And I also agree with you that the learning process is never done. I hope that I never stop learning until I take my last breath. If there is an afterlife, I want to take as much as possible with me.

      Thanks for your thoughtful comments,

      Elizabeth

      Like

      • Mary says:

        Elizabeth, this brought to mind another old adage that I am sure you have heard before. I really like it though: If wishes were horses, then beggars would ride. (It sort of applies.)

        Like

  4. pamela says:

    This is so insightful and I can say from where I sit
    I can completely relate to this!
    Wonderful post thanks for sharing your insight.
    Pamela

    Like

    • 1sojournal says:

      Hi Pamela, am glad you like it and can relate. I really wasn’t sure what to write about this morning and could remember the poem, but only vaguely. Glad I pulled it out and dusted it off. I like the poem and what it says, but I also think its important to go back and reread our old stuff and see if we’ve grown any since last we were in the area.

      Elizabeth

      Like

  5. I agree with you Elizabeth. If only’s are vultures. I wrote a poem last night about optimism and pessimism, and regrets are so pessimistic. I could not find a poem with even one “if only” in it. You are so wise!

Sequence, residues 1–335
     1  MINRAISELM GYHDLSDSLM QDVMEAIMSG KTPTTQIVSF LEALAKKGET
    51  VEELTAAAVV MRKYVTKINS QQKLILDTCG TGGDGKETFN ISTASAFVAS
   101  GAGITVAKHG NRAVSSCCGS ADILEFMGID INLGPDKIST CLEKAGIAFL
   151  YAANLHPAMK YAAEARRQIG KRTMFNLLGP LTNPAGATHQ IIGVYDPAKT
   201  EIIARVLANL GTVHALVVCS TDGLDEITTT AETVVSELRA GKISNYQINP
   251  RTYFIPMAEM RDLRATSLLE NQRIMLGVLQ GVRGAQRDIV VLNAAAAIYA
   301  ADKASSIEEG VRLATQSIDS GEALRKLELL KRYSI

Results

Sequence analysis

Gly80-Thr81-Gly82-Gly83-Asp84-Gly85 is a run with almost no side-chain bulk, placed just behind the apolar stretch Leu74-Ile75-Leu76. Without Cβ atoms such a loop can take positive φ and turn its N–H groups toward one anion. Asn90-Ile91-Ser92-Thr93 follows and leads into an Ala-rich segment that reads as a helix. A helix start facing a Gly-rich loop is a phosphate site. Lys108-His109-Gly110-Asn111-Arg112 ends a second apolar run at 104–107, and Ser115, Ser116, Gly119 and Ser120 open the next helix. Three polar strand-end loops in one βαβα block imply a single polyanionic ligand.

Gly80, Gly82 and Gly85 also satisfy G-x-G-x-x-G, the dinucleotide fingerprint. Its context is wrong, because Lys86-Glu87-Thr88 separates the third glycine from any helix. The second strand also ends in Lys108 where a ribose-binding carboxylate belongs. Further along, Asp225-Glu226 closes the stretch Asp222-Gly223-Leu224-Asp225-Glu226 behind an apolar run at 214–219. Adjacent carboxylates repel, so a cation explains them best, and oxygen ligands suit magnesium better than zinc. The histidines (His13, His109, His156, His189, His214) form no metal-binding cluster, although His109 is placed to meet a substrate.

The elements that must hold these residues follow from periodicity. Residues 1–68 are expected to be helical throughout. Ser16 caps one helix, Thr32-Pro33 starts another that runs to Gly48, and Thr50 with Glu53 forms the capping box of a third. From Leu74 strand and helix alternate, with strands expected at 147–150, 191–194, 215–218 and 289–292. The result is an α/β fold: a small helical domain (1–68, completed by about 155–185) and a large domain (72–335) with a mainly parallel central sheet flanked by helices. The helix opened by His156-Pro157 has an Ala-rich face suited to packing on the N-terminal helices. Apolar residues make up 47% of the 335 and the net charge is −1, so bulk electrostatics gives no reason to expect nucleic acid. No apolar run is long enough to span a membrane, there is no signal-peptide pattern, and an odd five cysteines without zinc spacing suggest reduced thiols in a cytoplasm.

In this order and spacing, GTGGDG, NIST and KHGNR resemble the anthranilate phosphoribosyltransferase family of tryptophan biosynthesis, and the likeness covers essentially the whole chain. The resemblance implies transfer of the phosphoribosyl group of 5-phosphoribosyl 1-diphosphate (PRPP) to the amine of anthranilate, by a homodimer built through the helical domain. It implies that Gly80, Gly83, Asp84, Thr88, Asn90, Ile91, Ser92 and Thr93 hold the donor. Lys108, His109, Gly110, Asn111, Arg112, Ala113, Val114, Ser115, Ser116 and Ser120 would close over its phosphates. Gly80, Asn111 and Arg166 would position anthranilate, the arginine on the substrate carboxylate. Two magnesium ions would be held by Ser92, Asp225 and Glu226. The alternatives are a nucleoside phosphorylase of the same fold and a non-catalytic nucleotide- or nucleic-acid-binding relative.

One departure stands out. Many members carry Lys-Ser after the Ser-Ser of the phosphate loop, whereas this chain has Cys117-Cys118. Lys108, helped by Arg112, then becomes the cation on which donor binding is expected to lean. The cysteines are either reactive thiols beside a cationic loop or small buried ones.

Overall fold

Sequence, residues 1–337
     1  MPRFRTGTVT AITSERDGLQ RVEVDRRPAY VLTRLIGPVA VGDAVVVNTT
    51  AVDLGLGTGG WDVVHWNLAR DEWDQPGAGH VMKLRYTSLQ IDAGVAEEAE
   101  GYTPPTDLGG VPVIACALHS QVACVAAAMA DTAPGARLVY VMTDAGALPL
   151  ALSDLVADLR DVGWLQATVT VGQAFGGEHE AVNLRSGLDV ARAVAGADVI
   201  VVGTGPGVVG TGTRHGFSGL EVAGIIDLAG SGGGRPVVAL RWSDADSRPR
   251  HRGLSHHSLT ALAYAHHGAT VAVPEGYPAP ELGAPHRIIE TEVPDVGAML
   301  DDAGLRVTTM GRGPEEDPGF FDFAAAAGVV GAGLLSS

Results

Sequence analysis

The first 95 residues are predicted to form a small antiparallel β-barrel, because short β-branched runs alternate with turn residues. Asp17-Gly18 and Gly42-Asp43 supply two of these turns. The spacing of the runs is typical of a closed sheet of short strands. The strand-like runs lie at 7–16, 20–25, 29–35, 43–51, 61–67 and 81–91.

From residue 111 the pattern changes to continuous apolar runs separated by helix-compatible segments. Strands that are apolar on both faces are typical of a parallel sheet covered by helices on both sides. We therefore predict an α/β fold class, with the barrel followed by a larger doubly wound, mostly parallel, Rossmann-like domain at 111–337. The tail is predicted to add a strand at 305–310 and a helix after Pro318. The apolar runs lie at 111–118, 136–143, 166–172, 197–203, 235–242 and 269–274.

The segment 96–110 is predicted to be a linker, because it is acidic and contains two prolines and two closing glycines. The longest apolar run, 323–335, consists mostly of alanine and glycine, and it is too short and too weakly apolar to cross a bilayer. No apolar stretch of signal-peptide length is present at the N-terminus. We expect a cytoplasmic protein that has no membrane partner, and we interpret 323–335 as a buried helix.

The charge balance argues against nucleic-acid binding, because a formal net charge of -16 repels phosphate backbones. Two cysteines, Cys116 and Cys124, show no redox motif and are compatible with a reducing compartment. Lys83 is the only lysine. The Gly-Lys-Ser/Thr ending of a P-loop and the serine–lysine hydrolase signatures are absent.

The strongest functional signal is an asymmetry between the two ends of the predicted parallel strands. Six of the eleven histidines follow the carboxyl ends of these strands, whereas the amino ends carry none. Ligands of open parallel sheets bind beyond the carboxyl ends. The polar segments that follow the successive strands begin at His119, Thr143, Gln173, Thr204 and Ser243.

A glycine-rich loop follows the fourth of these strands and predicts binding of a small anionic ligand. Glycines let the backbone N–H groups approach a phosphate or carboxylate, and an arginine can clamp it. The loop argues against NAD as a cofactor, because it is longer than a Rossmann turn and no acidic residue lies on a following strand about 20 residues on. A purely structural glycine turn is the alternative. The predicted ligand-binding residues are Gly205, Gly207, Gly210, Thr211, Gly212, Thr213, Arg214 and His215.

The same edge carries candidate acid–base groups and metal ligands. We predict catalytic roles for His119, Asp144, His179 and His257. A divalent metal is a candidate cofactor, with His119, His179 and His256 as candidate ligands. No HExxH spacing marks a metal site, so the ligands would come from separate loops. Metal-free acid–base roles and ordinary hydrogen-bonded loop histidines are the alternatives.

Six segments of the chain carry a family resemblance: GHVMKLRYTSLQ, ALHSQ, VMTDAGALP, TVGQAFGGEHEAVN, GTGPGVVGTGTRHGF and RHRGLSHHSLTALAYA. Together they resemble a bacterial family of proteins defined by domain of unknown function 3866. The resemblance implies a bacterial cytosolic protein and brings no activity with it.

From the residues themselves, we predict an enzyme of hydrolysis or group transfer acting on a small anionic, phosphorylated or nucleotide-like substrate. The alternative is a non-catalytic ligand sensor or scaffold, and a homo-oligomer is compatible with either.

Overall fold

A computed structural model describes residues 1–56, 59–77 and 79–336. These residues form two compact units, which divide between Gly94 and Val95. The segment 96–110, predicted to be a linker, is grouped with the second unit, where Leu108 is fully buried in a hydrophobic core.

Like

    • 1sojournal says:

      Diane, I’ve been going through the responses and am finding a sort of strange thing. The poems that I really admire, like, and relate to all seem to end with the ‘if only’, as though it were a final conclusion rather than a beginning. And that makes sense to me, as though the writer already knows that the ‘if only’ is just wishful thinking, a dream, or blurred vision that can’t or won’t come true. A sort of salute to what was as one slowly walks away, if that makes sense?

      Elizabeth
      PS. About the wise? I’m an old woman, who isn’t done learning yet, not by a long shot, lol.

      Like

  6. Mary says:

    Elizabeth, I enjoyed both your two-year-old poem and your present reflections. Interesting how a person grows in two years time. I like the idea of changing one’s aim so that one can achieve a better outcome. That makes good use of all the “if onlies” in life.

    Like

    • 1sojournal says:

      Mary, first off, I have to respond to your remark above. I really like that saying and the first thing that went through my head was ‘if wishes were horses’, I wouldn’t be driving a thirteen year old Saturn that is dismembering itself by the mile. I’d be in a wonderfully sleek little sports job and watching my brother-in-law having a kanipshun fit as I roared into his driveway, because he thought I might scrath the back bumper of his brand new truck, lol.

      Anyway, I do agree it does make sense of the ‘if onlies’. I just caught myself in one the other night, thinking about how I’m doing too much of this computer stuff, honestly. Then got up, went to bed and had a very significant dream about losing a poetry notebook, no less. Woke up and knew exactly what to do, after checking to see that I hadn’t actually lost that notebook. I turned an the computer. And had I given in to that ‘if only’ train of thought, I’d have completely missed that image in the last paragraph I wrote to you, and all the laughter it occasioned. Whew!